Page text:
lectura de weekend

The height of fashion | In-Depth Analysis | Marketing Week
“If you bought the first Harry Potter film, then you are probably going to buy the next one,” he reasons. “But if you’ve bought a pair of red shoes there’s no certainty over what you are going to buy after that because you might already have a red dress. It’s more about understanding a customer’s preferred brands, styles and price point, then engineering that to a point where the product served to them is relevant.”

Gilt Taste: The Indignity of Industrial Tomatoes
Perhaps our taste buds are trying to send us a message. Today’s industrial tomatoes are as bereft of nutrition as they are of flavor. According to analyses conducted by the U.S. Department of Agriculture, fresh tomatoes today have 30 percent less vitamin C, 30 percent less thiamin, 19 percent less niacin, and 62 percent less calcium than they did in the 1960s.

Cabin designs: The aeroplane cabin of 2050 | The Economist
“Guessing the future and putting forward dreamy designs is a sensible activity for any technologically obsessed company. It makes them look dynamic and creative, without committing them to any definite action.”

Anthony Weiner’s Fear: Being Invisible to Women – The Daily Beast
I was surprised when, early in the conversation as a college student served us iced tea in the diner, he said to me that one of the worst things about getting older is that you become “invisible to women.” It’s not just that they aren’t interested in you, he said, “it’s that they don’t see you.” Not many men admit this, I think, although I am sure that many men in their 50s and older, and not a few in their 40s, must feel it. And I suspect that it is this sensation of invisibility that makes some men—especially politicians and actors who have made careers trying to be loved in public–make ridiculous spectacles of themselves as they get older.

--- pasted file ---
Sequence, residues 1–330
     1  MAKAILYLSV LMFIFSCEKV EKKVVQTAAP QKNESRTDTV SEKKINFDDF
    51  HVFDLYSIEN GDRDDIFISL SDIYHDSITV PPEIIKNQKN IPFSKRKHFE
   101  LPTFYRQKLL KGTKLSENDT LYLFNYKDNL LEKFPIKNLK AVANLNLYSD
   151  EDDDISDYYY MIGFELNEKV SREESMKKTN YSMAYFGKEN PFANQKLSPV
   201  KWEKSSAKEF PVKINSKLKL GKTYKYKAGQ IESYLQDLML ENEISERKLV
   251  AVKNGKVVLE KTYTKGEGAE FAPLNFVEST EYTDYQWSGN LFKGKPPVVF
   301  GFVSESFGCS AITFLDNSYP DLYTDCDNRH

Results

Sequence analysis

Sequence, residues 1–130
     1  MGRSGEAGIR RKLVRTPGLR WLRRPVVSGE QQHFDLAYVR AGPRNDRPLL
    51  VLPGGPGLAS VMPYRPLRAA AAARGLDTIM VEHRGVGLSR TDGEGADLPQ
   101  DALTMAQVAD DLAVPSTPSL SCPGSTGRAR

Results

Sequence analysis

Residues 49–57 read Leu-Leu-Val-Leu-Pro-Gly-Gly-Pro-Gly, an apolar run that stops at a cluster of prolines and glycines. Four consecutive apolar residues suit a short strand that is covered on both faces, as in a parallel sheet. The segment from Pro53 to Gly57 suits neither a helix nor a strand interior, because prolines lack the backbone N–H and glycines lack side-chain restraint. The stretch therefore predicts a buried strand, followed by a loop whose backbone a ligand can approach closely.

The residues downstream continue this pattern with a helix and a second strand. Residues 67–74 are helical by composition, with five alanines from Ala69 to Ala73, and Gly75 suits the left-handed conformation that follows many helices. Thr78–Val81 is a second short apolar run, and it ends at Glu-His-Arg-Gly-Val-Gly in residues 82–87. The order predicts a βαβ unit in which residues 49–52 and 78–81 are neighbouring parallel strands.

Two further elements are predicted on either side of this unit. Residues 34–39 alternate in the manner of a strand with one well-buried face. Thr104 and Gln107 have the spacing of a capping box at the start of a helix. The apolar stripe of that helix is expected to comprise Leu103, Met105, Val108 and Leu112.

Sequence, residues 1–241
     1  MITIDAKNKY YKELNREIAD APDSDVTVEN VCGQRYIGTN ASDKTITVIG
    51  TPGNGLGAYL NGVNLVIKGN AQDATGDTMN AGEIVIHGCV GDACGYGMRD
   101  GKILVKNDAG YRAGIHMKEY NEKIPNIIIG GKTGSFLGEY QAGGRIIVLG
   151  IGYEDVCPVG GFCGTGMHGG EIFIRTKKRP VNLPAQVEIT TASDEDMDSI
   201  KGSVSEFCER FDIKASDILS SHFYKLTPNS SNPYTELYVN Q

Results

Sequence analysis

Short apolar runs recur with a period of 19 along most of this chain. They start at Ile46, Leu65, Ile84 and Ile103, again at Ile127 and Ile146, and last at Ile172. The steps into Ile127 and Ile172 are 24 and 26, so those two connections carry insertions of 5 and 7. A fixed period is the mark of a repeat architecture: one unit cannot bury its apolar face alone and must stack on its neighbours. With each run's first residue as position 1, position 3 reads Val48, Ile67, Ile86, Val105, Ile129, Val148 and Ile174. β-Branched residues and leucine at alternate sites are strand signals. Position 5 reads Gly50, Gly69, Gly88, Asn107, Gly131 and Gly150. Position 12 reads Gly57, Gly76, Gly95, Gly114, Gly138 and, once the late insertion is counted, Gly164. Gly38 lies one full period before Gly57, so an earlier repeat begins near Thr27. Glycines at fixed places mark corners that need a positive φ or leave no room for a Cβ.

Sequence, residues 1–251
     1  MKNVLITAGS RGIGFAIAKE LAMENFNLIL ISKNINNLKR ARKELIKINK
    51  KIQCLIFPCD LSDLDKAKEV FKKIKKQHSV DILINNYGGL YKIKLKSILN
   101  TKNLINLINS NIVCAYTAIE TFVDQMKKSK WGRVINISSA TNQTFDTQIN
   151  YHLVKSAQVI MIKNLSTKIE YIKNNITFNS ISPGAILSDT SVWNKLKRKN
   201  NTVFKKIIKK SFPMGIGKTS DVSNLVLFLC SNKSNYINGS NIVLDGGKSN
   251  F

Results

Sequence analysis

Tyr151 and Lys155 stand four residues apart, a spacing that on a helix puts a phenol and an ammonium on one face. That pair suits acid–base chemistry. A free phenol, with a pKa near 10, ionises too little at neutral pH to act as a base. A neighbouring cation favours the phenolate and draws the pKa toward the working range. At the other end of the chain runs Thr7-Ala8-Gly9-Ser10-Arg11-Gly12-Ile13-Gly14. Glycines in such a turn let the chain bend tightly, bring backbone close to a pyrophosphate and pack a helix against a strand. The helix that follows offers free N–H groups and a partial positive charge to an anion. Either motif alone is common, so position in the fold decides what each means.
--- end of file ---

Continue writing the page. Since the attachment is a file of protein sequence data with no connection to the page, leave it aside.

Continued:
“It Just Works.”
Apple has been going out of their way to avoid using the word “syncing” with regard to iCloud. That implies that files exist in one place and need to be moved. But again, even that’s too technical for the story Apple is weaving. With iPad/iPhone and now OS X Lion, you don’t save documents anymore. They save automatically — but an easier way to think about it is that they just exist, as is, in realtime on all your devices. The truth is that they exist on your machine, then on iCloud — again, the “truth” — in a cycle. But you don’t need to know any of that. They just exist. Who cares where as long as they’re right there on all your devices when you need them?

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